Sustaining the business?

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February 16, 2018, Nairobi. The word “Sustain” has a very simple meaning. If you ‘sustain’ something, you continue with it or maintain it for a period of time. Therefore, a sustainable horticultural business is that which can be maintained. Within horticulture, there are three components of sustainability. The first is economic profitability; for a business to be sustained, it needs to make a profit so that it can pay the wages, run and maintain the activities and invest for the future. These functions ensure that the business will be there tomorrow.

Horticulture also uses a range of resources. These include land, water, air and biodiversity. Damaging them impairs the ability of business to function and continue. A healthy environment is the second component that is needed to ensure a horticultural business can continue to function. The third and last component is the people.

No business can survive without people, whether they are harvesters, packhouse graders, field supervisors, drivers or managers. Therefore, to achieve harmony and staff satisfaction, social and economic equity is required.

Government Contribution

Sustainability is achieved in numerous ways. Governments create legislation that governs all its three components – they pass laws. Governments encourage and incentivise the business sector that creates employment, promotes investment but also taxes the businesses that subsequently provides resources and facilities for the community.

Governments establish authorities like NEMA, whose purpose it is to protect the environment while the Pest Control Products Board (PCPB) regulates the approval and use of pesticides which in turn protects both the environment and the workers. KEPHIS also has a role to protect our environment such as evaluating the risk of introducing non-indigenous species into the Kenya environment. Finally, government has a raft of labour laws from minimum wages, housing allowances and health and safety to ensure that workers are treated fairly and equitably. Basically, governments set the minimum standards that businesses should operate under.

Private Voluntary Standards

Most actors in the horticultural industry operate at a much higher standard of practices than required by the law. This has been developed over some years through the implementation of private standards developed by the customer, (e.g. a European supermarket) and adopted by the business.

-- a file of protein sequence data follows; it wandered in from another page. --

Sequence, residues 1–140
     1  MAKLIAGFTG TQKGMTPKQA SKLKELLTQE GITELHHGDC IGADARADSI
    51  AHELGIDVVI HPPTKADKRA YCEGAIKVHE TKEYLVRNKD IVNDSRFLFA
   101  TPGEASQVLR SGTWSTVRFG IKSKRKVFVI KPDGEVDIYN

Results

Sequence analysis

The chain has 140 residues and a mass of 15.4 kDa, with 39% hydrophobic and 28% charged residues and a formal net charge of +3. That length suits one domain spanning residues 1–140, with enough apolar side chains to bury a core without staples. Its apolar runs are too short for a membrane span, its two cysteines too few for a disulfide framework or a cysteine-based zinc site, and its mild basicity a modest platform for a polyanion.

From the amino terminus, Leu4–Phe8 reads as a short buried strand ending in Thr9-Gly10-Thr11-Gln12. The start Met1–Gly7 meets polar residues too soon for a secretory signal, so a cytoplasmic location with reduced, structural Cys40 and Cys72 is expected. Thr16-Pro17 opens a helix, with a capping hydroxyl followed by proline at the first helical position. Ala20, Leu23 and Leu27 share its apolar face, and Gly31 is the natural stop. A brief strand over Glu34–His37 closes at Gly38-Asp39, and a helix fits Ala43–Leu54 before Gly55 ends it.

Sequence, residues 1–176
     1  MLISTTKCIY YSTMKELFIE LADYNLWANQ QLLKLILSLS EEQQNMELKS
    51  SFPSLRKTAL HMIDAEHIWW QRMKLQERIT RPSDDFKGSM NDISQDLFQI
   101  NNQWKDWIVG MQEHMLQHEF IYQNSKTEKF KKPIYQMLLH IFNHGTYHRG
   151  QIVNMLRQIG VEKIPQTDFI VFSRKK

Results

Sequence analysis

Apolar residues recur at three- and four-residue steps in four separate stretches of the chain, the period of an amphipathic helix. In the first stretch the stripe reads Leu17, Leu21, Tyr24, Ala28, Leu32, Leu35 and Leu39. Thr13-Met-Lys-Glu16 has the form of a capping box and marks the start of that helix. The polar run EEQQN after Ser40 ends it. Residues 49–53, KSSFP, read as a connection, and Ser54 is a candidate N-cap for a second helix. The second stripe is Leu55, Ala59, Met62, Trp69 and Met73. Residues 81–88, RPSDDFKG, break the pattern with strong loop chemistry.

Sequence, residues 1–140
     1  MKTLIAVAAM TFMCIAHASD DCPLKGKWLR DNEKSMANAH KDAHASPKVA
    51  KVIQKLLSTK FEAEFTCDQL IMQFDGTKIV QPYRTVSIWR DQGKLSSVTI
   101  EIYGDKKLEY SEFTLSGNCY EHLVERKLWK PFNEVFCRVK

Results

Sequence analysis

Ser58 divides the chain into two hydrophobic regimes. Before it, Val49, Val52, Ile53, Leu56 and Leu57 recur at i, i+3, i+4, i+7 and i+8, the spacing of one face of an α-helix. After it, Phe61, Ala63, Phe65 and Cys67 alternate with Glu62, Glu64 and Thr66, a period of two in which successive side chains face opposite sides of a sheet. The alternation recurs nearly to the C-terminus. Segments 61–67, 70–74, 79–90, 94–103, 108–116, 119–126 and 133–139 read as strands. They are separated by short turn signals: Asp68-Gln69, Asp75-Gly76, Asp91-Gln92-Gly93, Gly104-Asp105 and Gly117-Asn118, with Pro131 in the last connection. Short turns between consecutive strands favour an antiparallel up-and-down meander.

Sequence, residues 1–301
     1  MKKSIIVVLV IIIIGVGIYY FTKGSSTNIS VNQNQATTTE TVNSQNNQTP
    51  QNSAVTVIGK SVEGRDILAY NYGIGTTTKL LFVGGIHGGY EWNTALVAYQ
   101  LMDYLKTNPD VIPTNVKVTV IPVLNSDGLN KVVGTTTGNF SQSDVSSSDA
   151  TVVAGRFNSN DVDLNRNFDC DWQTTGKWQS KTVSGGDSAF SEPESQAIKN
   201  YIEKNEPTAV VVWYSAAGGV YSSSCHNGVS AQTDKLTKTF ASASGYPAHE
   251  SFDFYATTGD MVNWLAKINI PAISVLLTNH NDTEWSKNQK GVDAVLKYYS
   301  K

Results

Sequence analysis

There are many of these standards, such as GLOPBALGAP, Fairtrade, MPS, KenyaGAP, as well as individual customer standards. Though demanding, they have been a major contributor to improving the sustainability of the horticultural industry. Interestingly, Aldi, a European supermarket chain recently stated; “sustainable products should become a matter of course for retailers and consumers. The floral and plant purchasing policy is another commitment to our holistic sustainability strategy.” It also said that “together with our suppliers, we wish to ensure the cultivation of flowers and plants that preserves both the environment and takes into account the health of workers. Our customers should be able to trace the origin of their flowers transparently,”

Horticulture is one of the most intensive users of resources and inputs. Similarly, horticulture has one of the highest outputs per unit area of any class of agricultural business. There have been numerous ways of measuring the impact of the business activities on the environment including Environmental Impacts Assessments, Life Cycle Assessments, Environmental Footprints, to name but a few. As a consequence, the industry has recognized that here is a need to measure the impact of its activities and to be a guardian over the environment, the land and people; to ensure that they are all here today and tomorrow.

Safer Cleaner Technologies.

Increased sustainability has partly been achieved through the adoption of safer and cleaner technologies. This includes water recycling, water conservation and storage, waste water treatment (wetlands), composting green waste, improved cultural practices that reduce negative impacts on the environment and farm staff, minimizing air pollution (waste burning restrictions), plastic waste collection and recycling. Over the last 10-15 years, the horticultural industry in Kenya has made great strides in the reduction in pesticide use.

The toxicity of products used has been reduced, the quantities applied have declined and the Integrated Pest Management (IPM) adopted besides increase in the use of biological control as an alternative to pesticides. This has only been possible because they are available, are affordable and they work! Everyone has benefitted, including the staff on the farms handling the crops, the environment, the customer as well as the crop itself. Kenya should be proud that the horticultural industry is a world leader in sustainable practices because of innovative and responsible farming.

Dr Henry Wainwright is the General
Manager, Real IPM.

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